Routine follow-up on the effect of the multimodal treatment regimen is imperative. Owners must observe their dogs on a daily basis and report on predefined parameters, including reduction in scratching events during the day, potential side effects (primarily ataxia and sedation) and general quality of life. This enables the veterinary surgeon to evaluate continuously the success of the treatment continuously. The prognosis is guarded and treatment effect varies between individuals, depending on co-morbidities. Twenty percent of CKCS with symptomatic SM will be euthanized due to non­sufficient treatment effects and severe pain manifestation, which results in a markedly reduced quality of life.4,10


1.  Rusbndge C, MacSweeny JE, Davies JV, Chandler K, Fitzmaurice SN, Dennis R, et al. Syringohydromyelia in Cavalier King Charles spaniels. Journal of the American Animal Hospital Association. 2000;36(1):34–41.

2.  Greitz D. Unraveling the riddle of syringomyelia. Neurosurgical Review. 2006;29(4):251–263; discussion 64.

3.  Parker JE, Knowler SP, Rusbridge C, Noonnan E, Jeffery ND. Prevalence of asymptomatic syringomyelia in Cavalier King Charles spaniels. The Veterinary Record. 2011;168(25):667.

4.  Thorner MS, Stougaard CL, Westrup U, Madry M, Knudsen CS, Berg H, et al. Prevalence and heritability of symptomatic syringomyelia in cavalier King Charles Spaniels and long-term outcome in symptomatic and asymptomatic littermates. Journal of Veterinary Internal Medicine. 20152, 9(1):243–250.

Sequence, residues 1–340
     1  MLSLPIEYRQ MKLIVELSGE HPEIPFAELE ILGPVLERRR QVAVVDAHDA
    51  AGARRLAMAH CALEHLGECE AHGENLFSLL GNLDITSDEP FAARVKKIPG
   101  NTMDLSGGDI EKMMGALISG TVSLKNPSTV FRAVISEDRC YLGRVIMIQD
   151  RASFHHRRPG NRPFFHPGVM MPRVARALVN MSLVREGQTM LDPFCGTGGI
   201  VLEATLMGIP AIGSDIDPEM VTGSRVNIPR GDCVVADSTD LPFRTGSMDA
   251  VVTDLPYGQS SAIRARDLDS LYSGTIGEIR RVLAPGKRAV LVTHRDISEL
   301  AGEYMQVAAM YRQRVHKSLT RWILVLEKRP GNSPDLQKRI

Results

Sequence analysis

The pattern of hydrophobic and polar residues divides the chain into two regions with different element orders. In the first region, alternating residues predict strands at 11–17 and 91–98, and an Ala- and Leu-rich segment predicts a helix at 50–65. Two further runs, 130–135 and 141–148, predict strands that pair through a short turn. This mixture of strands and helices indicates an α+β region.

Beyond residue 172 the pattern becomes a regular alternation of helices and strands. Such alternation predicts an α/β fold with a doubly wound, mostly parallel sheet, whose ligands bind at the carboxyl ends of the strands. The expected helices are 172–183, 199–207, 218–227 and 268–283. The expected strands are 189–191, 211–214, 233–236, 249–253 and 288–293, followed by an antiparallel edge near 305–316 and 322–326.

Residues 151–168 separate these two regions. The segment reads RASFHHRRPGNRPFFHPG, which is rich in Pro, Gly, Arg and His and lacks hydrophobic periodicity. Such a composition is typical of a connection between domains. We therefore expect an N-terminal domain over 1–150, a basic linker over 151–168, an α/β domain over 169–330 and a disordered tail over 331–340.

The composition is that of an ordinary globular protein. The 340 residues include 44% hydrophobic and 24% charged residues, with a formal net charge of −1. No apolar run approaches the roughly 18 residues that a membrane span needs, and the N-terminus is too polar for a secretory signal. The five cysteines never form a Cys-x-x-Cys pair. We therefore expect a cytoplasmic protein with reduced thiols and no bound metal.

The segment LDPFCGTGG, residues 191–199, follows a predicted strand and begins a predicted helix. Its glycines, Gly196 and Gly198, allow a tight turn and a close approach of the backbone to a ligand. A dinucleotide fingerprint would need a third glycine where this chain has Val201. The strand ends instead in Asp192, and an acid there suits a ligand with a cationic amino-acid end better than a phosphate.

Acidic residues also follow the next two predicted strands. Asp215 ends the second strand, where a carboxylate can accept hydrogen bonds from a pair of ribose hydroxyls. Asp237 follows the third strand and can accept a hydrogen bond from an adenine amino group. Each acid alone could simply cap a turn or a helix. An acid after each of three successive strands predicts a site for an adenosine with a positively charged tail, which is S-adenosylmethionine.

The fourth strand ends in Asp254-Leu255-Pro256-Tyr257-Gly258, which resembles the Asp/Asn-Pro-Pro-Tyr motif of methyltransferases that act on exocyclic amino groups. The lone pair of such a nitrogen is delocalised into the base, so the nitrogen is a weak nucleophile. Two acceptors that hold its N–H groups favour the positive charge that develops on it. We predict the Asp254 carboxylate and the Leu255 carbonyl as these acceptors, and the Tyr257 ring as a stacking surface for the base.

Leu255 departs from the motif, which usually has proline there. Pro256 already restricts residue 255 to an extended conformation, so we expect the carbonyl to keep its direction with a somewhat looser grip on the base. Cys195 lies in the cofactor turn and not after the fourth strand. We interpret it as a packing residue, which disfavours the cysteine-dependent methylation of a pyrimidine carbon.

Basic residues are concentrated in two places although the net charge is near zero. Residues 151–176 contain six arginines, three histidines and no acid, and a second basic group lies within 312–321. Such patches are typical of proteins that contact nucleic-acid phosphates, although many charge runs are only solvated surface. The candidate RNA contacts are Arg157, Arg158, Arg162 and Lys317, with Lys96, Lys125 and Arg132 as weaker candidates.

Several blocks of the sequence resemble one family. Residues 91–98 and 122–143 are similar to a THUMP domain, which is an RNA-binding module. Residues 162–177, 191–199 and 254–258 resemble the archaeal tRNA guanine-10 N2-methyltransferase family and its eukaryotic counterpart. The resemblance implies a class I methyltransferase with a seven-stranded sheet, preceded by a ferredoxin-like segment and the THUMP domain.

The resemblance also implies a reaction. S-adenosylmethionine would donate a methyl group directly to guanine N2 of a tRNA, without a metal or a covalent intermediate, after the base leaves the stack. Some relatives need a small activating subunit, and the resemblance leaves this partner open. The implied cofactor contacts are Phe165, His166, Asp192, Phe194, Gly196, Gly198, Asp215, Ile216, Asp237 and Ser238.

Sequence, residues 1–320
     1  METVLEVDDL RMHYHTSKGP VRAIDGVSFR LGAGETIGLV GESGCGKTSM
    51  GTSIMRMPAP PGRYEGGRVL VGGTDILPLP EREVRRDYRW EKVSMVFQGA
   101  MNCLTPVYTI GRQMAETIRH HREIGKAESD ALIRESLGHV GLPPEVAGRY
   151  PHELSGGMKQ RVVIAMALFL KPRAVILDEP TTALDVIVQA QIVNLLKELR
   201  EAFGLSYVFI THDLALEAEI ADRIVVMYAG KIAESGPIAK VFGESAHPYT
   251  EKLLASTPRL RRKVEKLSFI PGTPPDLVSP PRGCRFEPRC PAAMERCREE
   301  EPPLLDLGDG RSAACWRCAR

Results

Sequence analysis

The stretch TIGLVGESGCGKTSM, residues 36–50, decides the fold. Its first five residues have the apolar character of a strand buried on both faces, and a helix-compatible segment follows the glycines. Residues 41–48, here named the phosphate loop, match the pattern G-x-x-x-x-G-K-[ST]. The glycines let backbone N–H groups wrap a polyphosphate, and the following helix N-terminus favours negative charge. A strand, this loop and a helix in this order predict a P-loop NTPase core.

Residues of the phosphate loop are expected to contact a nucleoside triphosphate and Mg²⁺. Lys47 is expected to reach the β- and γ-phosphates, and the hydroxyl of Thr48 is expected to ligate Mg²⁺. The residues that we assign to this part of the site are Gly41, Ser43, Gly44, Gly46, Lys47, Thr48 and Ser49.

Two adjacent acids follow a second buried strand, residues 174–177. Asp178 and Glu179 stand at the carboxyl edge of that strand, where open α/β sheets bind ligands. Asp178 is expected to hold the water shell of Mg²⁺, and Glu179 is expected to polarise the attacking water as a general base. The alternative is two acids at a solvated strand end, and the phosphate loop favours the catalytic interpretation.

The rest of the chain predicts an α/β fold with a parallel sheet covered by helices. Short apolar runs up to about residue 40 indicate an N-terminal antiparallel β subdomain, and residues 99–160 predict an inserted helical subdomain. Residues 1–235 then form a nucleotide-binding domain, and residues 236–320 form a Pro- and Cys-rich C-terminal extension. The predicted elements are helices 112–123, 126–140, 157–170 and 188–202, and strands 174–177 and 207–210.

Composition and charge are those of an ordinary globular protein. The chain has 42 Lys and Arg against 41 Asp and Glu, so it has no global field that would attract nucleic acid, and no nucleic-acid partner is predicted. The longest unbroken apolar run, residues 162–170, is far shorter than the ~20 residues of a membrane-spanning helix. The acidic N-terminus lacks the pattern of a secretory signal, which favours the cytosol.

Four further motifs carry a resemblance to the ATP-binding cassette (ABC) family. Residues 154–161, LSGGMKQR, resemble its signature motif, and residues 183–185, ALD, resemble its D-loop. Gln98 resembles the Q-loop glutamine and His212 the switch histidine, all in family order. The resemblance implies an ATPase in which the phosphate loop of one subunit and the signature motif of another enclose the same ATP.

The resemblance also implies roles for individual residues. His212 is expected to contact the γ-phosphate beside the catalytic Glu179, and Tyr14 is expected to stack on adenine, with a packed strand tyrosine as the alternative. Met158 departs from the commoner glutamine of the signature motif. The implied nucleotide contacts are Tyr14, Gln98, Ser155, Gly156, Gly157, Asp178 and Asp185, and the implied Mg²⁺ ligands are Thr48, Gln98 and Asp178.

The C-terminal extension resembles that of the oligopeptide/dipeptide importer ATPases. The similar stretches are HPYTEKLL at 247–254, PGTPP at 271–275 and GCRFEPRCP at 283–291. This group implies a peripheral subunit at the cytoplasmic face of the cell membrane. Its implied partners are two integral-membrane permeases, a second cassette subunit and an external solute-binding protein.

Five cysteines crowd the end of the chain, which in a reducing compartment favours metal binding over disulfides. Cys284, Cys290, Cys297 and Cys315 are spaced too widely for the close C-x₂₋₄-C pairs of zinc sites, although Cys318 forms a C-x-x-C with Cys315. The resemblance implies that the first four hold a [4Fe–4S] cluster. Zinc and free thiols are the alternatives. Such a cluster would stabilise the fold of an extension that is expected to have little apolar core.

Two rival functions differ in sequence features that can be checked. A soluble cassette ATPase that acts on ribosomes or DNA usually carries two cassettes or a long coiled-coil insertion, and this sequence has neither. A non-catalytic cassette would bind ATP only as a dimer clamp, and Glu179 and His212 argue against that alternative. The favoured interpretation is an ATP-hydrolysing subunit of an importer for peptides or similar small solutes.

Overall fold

5.  Rutherford L, Wessmann A, Rusbridge C, McGonnell IM, Abeyesinghe S, Burn C, et al. Questionnaire-based behaviour analysis of Cavalier King Charles spaniels with neuropathic pain due to Chiari-like malformation and syringomyelia. Veterinary Journal. 2012;194(3):294–298.

6.  Todor DR, Mu HT, Milhorat TH. Pain and syringomyelia: a review. Neurosurgical Focus. 2000;8(3):E11.

7.  Rusbndge C, Carruthers H, Dube MP, Holmes M, Jeffery ND. Syringomyelia in cavalier King Charles spaniels: the relationship between syrinx dimensions and pain. The Journal of small animal practice. 2007;48(8):432–436.

8.  Kremer M, Sa/vat E, Muller A, Yalcin I, Barrot M. Antidepressants and gabapentinoids in neuropathic pain: Mechanistic insights. Neuroscience. 2016;338:183–206.

9.  Salazar V, Dewey CW, Schwark W, Badgley BL, Gleed RD, Horne W, et al. Pharmacokinetics of single-dose oral pregabalin administration in normal dogs. Vet Anaesth Analg. 2009;36(6):574-80.

10.  Plessas IN, Rusbridge C, Driver CJ, Chandler KE, Craig A, McGonnell IM, et al. Long-term outcome of Cavalier King Charles spaniel dogs with clinical signs associated with Chiari-like malformation and syringomyelia. The Veterinary Record. 2012;171(20):501.


Speaker Information
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Maria Sndergaard Thofner, DVM, Phd student
Department of Veterinary Clinical Sciences
Faculty of Health and Medical Sciences
University of Copenhagen
Dyrlregevej, Frederiksberg C, Denmark